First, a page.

The debate goes on back here. It’s been a thoughtful – and helpful I think – discussion on the environment, hippies, and sustainability. Join in. If you like.
One of my objections to paying a premium to be green is that it seems like such a waste of money. For example, I don’t like that chickens live in terrible conditions in battery farms. But I like eggs. So I must buy eggs. Do I, when faced with this conundrum (and being unable to have my own chickens because we live in a townhouse):
a) Buy free range in the hope that this will stimulate the market for free range eggs and eventually remove the premium price we pay to soothe our conscience.
b) Save that money, buy the battery eggs and use the difference to pay for things I think matter more. Like giving money to support the work of my church.
I lean towards b. I think there are much better causes to resource. I like that the free market lets me make that decision, and doesn’t dictate the terms of my charity to me through levies and stupid taxes.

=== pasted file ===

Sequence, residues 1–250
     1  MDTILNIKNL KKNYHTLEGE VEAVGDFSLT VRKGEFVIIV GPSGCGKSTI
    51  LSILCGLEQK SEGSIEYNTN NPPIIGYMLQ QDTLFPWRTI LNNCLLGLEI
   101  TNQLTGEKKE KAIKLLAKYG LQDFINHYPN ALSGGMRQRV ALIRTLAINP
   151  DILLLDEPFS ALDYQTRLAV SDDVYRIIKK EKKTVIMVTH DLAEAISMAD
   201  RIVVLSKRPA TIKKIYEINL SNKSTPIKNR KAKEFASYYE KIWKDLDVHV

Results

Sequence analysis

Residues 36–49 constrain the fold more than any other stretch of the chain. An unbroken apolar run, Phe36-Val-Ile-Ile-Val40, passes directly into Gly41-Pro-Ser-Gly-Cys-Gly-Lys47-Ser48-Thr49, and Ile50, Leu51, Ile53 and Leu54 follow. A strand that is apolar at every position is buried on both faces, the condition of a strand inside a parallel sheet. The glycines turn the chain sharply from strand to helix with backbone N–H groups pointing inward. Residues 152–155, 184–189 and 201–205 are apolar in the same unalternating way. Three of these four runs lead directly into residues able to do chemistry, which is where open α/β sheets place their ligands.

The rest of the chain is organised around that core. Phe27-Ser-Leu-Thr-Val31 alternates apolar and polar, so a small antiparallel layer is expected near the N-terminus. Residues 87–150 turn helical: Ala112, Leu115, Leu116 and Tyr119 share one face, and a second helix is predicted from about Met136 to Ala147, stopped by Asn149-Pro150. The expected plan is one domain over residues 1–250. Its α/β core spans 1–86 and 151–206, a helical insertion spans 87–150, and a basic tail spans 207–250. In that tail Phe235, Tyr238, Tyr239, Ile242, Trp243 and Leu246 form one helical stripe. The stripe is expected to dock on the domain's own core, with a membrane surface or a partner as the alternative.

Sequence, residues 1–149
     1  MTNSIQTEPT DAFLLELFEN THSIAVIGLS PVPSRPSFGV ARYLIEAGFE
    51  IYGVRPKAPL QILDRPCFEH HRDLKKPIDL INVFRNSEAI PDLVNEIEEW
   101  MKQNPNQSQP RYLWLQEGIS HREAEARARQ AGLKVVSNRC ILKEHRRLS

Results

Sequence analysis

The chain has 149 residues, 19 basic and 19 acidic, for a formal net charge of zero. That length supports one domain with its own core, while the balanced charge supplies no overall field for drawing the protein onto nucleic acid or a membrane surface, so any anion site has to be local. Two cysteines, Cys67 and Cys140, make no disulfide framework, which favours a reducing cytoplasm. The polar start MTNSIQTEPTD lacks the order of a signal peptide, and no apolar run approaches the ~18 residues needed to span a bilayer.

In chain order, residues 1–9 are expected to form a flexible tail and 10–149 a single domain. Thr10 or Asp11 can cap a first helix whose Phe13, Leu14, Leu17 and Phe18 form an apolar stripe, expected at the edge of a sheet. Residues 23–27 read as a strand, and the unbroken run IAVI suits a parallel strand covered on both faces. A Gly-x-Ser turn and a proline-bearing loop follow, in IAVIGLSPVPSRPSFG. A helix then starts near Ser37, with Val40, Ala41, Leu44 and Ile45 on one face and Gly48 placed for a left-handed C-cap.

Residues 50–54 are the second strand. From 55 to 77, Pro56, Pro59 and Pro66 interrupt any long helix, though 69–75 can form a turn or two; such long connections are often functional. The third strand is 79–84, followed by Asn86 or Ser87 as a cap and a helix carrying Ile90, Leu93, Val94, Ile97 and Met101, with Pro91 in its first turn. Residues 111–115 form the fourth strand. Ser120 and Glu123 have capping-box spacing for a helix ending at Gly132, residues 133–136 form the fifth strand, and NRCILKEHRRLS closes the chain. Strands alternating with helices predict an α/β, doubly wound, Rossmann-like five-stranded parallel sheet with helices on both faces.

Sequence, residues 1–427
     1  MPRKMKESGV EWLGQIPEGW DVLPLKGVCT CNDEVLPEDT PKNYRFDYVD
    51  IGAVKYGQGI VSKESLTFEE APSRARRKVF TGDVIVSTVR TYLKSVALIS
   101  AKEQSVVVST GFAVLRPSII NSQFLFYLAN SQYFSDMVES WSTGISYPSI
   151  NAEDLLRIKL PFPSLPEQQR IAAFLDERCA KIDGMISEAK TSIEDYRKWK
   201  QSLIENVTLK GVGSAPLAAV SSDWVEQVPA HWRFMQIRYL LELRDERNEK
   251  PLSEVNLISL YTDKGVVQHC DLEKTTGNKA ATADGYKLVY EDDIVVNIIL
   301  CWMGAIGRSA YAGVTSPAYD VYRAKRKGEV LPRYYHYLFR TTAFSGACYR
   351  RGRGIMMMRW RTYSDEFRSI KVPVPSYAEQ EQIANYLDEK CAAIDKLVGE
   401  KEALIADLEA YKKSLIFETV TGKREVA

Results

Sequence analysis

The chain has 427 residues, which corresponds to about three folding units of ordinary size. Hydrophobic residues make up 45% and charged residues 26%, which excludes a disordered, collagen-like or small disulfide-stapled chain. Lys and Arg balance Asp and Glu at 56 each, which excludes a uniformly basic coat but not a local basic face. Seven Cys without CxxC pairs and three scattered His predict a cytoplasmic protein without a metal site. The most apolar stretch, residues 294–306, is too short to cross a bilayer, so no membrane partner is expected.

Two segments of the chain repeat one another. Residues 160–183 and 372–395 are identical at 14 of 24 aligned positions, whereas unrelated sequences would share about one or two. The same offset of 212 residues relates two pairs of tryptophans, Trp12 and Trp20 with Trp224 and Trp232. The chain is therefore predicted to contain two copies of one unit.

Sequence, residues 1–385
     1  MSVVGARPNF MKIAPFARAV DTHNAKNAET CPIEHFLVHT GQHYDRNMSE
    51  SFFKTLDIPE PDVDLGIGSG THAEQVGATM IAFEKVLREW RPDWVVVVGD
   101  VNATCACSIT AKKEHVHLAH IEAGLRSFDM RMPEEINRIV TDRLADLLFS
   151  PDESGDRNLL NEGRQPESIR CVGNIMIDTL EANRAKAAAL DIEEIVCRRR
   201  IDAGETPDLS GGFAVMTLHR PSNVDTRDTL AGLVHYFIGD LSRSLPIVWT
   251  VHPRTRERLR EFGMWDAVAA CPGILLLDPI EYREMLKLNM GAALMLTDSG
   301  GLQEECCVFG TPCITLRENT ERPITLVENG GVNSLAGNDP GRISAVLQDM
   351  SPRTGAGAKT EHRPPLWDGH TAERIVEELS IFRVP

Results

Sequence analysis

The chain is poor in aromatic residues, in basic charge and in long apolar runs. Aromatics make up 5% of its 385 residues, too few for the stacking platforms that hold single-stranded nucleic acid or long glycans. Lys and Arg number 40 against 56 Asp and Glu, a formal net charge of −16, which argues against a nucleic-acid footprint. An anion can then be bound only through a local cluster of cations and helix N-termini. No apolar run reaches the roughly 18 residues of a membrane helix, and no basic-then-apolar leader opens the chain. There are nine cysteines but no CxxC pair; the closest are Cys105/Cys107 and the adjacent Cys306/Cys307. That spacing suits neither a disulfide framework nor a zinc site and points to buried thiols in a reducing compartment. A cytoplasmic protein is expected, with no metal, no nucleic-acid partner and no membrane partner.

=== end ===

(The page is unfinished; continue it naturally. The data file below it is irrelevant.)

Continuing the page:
Which is why I don’t like emissions trading. Or the Green movement. They have no sympathy for that idea. They want their special interest to be everyone’s special interest. I have blogged about this before. In ranty fashion. Here. And Here. This little quote from sums up what the dissonance I feel when it comes to the central green argument:
“Apparently our biggest problems are land clearing, extinct bird species, salinity and greenhouse gas emissions… and that my friends is why I hate hippies.”
That’s a quote that has stood the test of time.
Anyway, I didn’t start this post to quote myself – but rather to quote this guy, from a really interesting blog I subscribed to today:
“My grocery bill from Safeway, where I buy Nestle products and pesticide infused produce is 50% cheaper than my bill from a socially conscious store like Whole Foods, Mother’s Market or PCC. While being committed to shopping in socially conscious ways, I am also committed to spending less. Savings on a grocery bill can be given to the Aid and Assistance Fund at church, go to help purchase backpacks for less fortunate students at my kids’ school, or be sent to my favorite non-profit organization in South Africa, Ithemba Lethu.“